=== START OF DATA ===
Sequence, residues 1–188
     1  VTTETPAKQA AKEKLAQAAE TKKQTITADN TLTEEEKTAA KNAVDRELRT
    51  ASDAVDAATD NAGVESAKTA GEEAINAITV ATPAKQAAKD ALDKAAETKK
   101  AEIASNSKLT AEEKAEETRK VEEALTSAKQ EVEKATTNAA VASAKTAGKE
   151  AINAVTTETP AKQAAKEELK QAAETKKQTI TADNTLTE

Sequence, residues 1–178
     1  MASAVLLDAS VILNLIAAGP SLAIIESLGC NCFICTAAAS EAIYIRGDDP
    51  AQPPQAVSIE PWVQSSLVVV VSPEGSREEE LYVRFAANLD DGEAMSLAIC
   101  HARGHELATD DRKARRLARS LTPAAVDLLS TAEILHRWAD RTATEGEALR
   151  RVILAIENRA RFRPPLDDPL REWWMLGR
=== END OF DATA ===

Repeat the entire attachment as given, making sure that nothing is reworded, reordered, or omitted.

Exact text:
Sequence, residues 1–188
     1  VTTETPAKQA AKEKLAQAAE TKKQTITADN TLTEEEKTAA KNAVDRELRT
    51  ASDAVDAATD NAGVESAKTA GEEAINAITV ATPAKQAAKD ALDKAAETKK
   101  AEIASNSKLT AEEKAEETRK VEEALTSAKQ EVEKATTNAA VASAKTAGKE
   151  AINAVTTETP AKQAAKEELK QAAETKKQTI TADNTLTE

Sequence, residues 1–178
     1  MASAVLLDAS VILNLIAAGP SLAIIESLGC NCFICTAAAS EAIYIRGDDP
    51  AQPPQAVSIE PWVQSSLVVV VSPEGSREEE LYVRFAANLD DGEAMSLAIC
   101  HARGHELATD DRKARRLARS LTPAAVDLLS TAEILHRWAD RTATEGEALR
   151  RVILAIENRA RFRPPLDDPL REWWMLGR